The Good News can be understood as the message of the missio Dei to which varying methods can be attached. Churches, however, often specialize in a specific part or method of that mission, e.g., helping the needy, emphasizing conversion, or promoting discipleship. This article suggests the Good News has yielded significant historical impact when churches embrace a comprehensive or holistic understanding of the Good News that includes three methodological components: establishing legitimacy by meeting the needs of non-believers, effectively facilitating conversion, and spiritual formation in small communal groups. Missional and effective evangelism nomenclature will be discussed in relation to this holism. Finally, examples of simultaneous methodology will be drawn from the experiences of John Wesley, the founder of Methodism, as well as from experiences of the author while studying Wesley‘s original letters and traveling the settings of John Wesley.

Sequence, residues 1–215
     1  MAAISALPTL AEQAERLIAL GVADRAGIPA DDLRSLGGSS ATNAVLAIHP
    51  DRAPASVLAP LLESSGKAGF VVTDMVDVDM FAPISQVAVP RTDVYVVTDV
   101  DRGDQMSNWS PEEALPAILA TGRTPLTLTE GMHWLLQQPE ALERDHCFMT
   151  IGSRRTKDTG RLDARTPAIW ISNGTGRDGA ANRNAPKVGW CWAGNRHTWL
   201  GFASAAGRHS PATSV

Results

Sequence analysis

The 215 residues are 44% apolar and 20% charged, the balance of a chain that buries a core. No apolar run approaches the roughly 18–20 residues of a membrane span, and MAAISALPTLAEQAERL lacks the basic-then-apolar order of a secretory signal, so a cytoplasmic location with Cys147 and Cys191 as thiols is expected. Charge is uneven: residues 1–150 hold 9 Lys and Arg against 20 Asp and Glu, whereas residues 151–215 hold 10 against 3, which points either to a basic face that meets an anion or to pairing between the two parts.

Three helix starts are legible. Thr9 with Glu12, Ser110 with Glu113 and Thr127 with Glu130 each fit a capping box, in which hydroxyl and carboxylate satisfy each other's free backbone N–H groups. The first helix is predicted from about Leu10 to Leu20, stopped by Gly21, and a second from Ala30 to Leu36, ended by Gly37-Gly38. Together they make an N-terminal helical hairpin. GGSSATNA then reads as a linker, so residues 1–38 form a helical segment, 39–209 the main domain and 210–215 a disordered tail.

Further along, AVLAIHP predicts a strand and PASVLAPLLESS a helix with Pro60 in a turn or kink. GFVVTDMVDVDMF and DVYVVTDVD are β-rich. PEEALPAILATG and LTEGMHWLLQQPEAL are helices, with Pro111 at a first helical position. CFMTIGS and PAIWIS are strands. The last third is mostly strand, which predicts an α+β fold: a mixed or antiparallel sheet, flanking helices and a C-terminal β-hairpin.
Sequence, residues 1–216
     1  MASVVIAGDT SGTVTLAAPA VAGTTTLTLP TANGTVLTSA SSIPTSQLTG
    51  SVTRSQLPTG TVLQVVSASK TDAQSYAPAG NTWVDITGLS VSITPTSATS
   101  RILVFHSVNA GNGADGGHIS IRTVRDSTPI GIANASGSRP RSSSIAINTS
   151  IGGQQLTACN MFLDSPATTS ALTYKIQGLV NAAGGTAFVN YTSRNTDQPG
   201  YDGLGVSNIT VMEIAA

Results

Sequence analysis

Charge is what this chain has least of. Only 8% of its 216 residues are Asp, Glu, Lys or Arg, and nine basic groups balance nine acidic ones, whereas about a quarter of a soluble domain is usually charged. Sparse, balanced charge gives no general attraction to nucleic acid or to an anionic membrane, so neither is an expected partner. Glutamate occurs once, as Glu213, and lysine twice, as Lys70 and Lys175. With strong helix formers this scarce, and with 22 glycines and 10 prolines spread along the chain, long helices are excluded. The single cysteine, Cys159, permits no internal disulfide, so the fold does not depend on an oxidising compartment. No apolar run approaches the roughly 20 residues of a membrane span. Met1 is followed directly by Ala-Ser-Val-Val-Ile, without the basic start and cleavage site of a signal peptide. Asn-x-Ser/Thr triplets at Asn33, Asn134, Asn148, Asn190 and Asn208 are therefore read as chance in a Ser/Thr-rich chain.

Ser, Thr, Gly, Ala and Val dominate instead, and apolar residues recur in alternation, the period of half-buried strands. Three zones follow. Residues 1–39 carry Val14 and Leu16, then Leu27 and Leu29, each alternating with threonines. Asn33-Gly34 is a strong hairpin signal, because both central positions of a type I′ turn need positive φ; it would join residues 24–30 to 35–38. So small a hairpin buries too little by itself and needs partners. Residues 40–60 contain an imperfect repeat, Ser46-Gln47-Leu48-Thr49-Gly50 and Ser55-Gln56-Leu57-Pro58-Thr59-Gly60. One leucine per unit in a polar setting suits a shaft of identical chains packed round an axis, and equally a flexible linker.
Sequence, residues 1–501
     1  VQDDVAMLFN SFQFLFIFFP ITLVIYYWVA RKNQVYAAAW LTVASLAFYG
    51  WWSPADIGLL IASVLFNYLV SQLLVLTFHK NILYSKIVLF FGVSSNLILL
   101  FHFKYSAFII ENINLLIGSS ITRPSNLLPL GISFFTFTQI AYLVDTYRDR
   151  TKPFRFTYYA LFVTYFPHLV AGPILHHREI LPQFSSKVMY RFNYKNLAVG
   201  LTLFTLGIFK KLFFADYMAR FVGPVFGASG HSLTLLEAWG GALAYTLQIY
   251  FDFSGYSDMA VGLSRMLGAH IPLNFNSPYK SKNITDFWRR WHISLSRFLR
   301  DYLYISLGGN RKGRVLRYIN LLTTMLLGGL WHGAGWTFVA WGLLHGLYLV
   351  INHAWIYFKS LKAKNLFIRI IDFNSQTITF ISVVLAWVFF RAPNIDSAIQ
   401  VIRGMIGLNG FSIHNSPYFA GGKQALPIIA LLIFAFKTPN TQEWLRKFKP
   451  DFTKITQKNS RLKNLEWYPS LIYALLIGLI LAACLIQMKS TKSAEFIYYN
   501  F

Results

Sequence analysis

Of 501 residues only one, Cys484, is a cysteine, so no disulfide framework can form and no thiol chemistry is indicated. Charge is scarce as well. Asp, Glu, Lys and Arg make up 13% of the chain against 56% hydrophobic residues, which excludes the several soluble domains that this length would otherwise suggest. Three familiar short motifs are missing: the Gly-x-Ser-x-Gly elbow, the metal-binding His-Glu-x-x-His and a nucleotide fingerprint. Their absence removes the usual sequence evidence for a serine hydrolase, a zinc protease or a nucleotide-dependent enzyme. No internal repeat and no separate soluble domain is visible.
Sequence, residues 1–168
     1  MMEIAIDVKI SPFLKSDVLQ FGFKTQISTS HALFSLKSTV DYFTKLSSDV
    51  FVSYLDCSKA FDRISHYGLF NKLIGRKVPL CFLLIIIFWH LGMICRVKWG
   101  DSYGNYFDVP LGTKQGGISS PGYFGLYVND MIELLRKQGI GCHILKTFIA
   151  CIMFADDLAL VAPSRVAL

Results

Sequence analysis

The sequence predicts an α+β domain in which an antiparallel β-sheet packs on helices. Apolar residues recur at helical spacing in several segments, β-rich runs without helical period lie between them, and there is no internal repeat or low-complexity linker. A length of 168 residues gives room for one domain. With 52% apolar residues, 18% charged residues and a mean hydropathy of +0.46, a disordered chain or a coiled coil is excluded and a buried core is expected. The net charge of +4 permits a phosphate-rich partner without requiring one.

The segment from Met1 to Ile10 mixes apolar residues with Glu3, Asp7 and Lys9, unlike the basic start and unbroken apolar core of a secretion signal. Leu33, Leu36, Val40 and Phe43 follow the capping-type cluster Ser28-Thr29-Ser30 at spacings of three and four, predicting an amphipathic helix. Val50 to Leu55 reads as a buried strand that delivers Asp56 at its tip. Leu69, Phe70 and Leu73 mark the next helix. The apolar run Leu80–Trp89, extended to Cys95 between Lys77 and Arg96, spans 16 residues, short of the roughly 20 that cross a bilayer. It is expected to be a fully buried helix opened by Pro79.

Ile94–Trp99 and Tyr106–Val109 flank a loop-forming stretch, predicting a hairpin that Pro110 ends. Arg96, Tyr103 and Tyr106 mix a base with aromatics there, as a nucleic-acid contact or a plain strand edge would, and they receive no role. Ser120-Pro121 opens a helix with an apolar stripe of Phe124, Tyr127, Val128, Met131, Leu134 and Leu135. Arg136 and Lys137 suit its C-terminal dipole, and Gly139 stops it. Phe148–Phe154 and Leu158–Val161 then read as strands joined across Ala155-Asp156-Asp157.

Whitesel, B. (2013). A Holistic Good News: Missional, Effective Evangelism and Lessons Learned While Traveling in the Hoof Prints of Wesley. Great Commission Research Journal, 5(1), 52-65. Retrieved from https://digitalarchives.apu.edu/gcrj/vol5/iss1/6